6. Report upon the Present State of the Great Manitoulin Island, and upon that of the Nomadic Bands of Tribes on the Northern Shore of Lake Huron, Appendix No. 21, Vol. XVI, No. 6, Appendix to 16th Vol., Journals of the Legislative Assembly, Prov. of Canada, pp. 15-16.

7. Report from the Select Committee on the Hudson’s Bay Company, etc., London, 1857, Testimony of John McLaughlin, p. 274.

8. Ibid., pp. 147-148.

9. Testimony of Allan MacDonell, Report of the Select Legislative Committee Sitting in Canada to Receive and Collect Information as to the Rights of the Hudson’s Bay Co., etc. (embodied in Report of British Parliament Committee, 1857) p. 387.

10. Report from the Select Committee on the Hudson’s Bay Co., etc., 1857, p. 280.

11. Ibid., p. 228.

12. Report from the Select Committee on the Hudson’s Bay Company, etc. Testimony of John McLaughlin, p. 263.

13. Ibid. Notwithstanding such testimony, and the memorials of both Indians and settlers, all of the current so-called histories seek to represent the Hudson’s Bay Company as a benevolent corporation. A typical instance is Begg’s work, History of the Northwest. Referring to the Indians he wrote (Vol. I, p. 219) :—“But sometimes disease and death would come among them, and at others, through their own improvidence, starvation would stalk in their midst. It was then that the kindly offices of the Hudson’s Bay Company’s servants would be felt—hungry mouths would be filled as far as the resources of the post would allow, medicines and clothes would be furnished, and the grateful Indians would feel themselves bound to their white brothers by the greatest of all ties, that of gratitude. It was this fatherly care of the Indians that gave the Hudson’s Bay Company their great influence over the savage tribes of the North West,” etc., etc. (The italics are mine.—G.M.)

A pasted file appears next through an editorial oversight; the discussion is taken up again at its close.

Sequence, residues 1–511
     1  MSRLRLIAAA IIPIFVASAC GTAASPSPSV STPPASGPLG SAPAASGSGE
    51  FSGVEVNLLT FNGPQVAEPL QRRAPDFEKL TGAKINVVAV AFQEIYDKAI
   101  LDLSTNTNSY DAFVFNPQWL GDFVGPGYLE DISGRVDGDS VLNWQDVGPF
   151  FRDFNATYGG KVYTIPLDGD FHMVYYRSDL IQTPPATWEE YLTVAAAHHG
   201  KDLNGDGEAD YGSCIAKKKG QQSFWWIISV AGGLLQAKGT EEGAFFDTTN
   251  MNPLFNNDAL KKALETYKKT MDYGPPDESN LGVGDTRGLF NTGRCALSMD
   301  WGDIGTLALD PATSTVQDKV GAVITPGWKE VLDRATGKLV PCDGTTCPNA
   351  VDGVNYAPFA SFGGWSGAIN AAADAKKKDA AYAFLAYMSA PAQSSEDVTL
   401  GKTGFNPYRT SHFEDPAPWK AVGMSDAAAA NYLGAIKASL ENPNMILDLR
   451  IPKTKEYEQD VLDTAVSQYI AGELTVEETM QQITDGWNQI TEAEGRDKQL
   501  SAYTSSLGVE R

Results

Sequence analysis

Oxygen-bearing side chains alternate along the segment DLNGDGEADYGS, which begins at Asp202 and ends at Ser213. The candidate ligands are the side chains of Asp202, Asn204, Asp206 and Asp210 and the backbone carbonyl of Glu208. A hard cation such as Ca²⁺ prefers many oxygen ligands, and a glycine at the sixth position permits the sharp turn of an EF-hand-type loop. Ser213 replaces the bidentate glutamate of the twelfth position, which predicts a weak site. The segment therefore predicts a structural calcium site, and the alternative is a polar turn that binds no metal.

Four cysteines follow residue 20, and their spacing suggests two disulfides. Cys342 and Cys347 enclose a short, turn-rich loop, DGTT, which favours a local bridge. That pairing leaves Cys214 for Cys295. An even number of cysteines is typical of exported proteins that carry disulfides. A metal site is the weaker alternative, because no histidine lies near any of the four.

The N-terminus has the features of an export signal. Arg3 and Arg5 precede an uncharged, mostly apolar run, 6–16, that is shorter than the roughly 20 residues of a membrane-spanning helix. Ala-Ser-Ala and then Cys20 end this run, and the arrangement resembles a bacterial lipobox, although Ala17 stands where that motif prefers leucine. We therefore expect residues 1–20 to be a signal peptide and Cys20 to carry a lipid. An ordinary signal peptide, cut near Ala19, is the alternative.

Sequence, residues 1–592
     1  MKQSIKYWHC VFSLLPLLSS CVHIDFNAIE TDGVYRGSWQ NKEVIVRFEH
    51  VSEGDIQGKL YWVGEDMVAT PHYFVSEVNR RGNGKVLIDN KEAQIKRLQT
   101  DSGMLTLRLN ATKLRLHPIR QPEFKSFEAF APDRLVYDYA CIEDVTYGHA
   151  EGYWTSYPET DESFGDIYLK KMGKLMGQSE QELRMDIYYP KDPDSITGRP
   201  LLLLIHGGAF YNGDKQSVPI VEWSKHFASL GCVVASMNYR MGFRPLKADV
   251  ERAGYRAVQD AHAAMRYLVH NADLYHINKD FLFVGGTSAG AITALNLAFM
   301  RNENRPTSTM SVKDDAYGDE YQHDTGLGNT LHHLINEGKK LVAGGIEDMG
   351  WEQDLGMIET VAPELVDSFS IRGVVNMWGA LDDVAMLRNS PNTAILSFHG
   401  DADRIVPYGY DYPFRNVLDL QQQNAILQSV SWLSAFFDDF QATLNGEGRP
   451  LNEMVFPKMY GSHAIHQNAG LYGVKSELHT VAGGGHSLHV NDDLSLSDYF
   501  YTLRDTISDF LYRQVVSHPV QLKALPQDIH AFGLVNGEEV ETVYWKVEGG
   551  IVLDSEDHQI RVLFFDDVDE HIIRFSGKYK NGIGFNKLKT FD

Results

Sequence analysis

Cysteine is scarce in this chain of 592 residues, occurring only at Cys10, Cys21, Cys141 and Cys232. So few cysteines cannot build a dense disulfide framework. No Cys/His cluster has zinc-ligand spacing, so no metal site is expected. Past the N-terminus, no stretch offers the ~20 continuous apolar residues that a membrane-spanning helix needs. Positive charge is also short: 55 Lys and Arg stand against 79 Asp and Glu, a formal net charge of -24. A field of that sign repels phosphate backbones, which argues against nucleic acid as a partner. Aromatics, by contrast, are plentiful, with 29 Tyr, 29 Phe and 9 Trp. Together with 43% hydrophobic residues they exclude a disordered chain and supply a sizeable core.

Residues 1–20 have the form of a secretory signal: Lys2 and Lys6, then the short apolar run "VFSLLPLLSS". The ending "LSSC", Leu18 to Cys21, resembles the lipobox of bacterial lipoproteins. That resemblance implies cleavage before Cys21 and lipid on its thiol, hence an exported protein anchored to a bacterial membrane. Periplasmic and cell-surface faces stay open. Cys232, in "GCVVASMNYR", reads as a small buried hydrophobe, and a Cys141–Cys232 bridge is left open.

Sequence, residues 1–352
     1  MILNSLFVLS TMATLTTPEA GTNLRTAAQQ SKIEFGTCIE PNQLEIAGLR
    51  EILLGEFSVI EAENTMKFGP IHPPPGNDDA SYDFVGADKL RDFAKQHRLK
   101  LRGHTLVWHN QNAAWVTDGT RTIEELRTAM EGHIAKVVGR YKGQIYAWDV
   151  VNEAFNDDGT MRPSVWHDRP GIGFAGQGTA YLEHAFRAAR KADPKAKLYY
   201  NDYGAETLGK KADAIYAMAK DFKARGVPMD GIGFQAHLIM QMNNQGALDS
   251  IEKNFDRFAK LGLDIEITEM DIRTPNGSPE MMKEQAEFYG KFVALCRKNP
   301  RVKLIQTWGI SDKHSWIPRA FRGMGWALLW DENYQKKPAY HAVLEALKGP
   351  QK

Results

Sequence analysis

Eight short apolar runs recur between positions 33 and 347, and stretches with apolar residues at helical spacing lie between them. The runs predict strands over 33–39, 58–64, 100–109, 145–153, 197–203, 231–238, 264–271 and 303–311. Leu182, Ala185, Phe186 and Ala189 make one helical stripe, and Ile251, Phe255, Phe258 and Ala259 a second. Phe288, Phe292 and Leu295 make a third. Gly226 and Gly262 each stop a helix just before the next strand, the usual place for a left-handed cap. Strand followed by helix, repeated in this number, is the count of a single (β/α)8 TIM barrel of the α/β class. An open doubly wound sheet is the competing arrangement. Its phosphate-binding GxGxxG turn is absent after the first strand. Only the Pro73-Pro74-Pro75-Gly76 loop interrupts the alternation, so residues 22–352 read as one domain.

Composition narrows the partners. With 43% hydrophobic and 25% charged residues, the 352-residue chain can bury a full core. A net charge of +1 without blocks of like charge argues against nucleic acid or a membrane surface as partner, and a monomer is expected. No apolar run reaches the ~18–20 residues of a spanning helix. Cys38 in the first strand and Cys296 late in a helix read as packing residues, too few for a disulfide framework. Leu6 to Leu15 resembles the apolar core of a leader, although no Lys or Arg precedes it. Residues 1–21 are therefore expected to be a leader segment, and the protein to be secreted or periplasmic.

14. Report from the Select Committee on the Hudson’s Bay Co., etc., P. 315. Testimony of Richard King, M.D., who was in the North West for three years.

15. Ibid., p. 265. Testimony of John McLaughlin.

16. Ibid., p. 389.

17. Report from the Select Committee on the Hudson’s Bay Company, etc., British Parliament, 1857, Appendix No. XVI, p. 445. Chief Peguis sent with his petition a letter he had received from the “Silver Chief (Lord Selkirk) dated Fort Douglas, July 20, 1817, highly commending his (Peguis’) services to the whites and his influence in favor of the settlers. A similar letter dated Jan. 1, 1835, from Sir George Simpson, Hudson’s Bay Company’s Governor of Rupert’s Land, was enclosed, in which letter Simpson guaranteed Peguis an annuity of 5 sterling a year.